But you really get the whole Tal here more than anywhere else. Updated Favorite Chess Books By Michael Goeller Someone suggested the club put together a list of recommended books for players of various strengths. His notes can be dense at times, but there is always lots of good stuff.

The Road to Chess Improvement. Alex Yermolinsky

This little book, which I'm only half-way through, has had a big influence on my thinking of late and therefore springs first to mind when I am recommending chess books He even has a section on how best to use a computer to improve your play. I liked to carry it with me on trips and so it bears many pleasant associations with basking in the sun at the seashore, sitting by a mountain lake, or taking a long train ride between Warsaw and Krakow.

The great pleasure of it, though, is that it is many things at once. It is a book on tactics with puzzles to mull over, and as such can be read anywhere and is very useful to beginners for breaking down most of the thematic categories. It is a book on endings and so has much to teach though its solutions often end where other books are just beginning -- such as after White has forced a winning ending of Queen versus Rook.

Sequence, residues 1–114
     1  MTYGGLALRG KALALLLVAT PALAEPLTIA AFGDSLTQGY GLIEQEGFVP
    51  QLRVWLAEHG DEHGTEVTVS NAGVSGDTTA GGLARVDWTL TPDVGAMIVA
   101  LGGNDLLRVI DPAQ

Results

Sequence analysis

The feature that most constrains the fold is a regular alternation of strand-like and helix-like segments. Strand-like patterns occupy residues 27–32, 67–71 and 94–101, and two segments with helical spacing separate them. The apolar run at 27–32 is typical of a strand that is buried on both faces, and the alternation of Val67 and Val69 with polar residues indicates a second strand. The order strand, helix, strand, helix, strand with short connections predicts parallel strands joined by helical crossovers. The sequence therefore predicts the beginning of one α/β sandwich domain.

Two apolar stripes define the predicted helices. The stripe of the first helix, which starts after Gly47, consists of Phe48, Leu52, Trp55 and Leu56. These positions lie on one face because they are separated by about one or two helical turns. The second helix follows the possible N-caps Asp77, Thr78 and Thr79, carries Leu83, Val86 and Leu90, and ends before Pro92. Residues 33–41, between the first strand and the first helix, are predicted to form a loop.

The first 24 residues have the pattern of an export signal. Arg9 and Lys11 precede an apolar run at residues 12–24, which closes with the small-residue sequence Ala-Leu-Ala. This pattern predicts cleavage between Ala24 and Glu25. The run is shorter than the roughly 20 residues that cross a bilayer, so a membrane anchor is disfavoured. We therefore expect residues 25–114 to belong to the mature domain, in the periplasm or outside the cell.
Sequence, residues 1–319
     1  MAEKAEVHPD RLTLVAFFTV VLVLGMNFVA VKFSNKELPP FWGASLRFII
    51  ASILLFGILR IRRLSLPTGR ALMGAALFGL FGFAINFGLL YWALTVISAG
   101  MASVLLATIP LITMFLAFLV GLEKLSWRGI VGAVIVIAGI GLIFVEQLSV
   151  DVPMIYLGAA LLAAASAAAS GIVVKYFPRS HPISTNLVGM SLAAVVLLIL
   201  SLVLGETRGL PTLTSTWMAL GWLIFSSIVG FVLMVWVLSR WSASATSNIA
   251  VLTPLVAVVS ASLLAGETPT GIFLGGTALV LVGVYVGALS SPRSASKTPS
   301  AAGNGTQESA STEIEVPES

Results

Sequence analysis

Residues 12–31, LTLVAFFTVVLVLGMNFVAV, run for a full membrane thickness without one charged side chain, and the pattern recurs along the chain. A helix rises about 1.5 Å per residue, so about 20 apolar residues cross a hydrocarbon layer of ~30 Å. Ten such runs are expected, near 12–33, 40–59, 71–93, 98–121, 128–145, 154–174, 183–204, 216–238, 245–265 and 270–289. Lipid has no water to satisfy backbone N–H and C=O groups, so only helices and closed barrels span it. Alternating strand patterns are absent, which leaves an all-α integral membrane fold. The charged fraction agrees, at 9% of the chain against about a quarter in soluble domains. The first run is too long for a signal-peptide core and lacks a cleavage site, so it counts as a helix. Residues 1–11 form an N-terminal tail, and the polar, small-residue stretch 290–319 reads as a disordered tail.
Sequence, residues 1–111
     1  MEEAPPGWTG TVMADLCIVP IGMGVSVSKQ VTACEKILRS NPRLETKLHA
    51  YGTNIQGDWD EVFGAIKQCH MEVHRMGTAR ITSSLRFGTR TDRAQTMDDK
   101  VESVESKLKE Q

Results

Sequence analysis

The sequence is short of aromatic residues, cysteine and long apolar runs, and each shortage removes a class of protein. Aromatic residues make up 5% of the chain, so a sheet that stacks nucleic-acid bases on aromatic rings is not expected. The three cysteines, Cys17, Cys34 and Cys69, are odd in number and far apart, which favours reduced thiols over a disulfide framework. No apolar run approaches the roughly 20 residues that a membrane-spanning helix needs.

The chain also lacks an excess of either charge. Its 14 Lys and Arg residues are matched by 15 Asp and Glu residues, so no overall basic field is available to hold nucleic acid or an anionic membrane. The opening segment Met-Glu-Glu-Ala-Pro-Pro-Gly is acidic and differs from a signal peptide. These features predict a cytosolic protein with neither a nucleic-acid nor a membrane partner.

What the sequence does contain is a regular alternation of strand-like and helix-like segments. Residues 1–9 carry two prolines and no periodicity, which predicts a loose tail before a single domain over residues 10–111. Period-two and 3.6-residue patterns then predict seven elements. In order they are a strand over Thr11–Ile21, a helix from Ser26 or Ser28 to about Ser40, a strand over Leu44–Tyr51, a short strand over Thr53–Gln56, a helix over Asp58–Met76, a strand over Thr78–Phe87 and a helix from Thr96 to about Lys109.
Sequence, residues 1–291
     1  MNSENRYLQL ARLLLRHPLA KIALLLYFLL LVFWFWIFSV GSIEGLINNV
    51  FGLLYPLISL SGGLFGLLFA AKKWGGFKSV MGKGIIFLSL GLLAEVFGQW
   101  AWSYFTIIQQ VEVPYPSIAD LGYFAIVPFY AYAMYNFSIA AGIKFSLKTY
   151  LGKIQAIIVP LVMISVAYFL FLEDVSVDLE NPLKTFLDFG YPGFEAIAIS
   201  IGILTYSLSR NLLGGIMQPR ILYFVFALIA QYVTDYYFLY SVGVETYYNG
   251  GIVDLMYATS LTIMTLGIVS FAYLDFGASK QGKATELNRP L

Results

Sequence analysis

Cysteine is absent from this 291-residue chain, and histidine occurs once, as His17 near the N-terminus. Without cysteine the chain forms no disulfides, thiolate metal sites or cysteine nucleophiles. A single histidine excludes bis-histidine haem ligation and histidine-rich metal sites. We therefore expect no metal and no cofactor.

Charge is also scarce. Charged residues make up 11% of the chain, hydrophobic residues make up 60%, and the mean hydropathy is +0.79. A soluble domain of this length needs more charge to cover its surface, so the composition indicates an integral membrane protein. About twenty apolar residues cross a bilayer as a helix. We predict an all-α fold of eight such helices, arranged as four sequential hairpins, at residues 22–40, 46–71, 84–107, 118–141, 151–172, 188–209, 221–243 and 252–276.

It is a book of composed problems and so is full of artistic and inspired compositions -- but the positions, though composed, are of the type that could actually occur on the board.

The 10 Best Modern Books for Chess Improvement

These are not those bizarre mate in two problems but real-life puzzlers in the style of Troitzky also spelled "Troitsky" or "Troitskii" or his more familiar follower in America, Pal Benko. I have the original English edition which is a small, squarish, handy, and very well-bound hardcover but I noticed that it was re-issued a few years back by Dover in a very inexpensive paperback edition.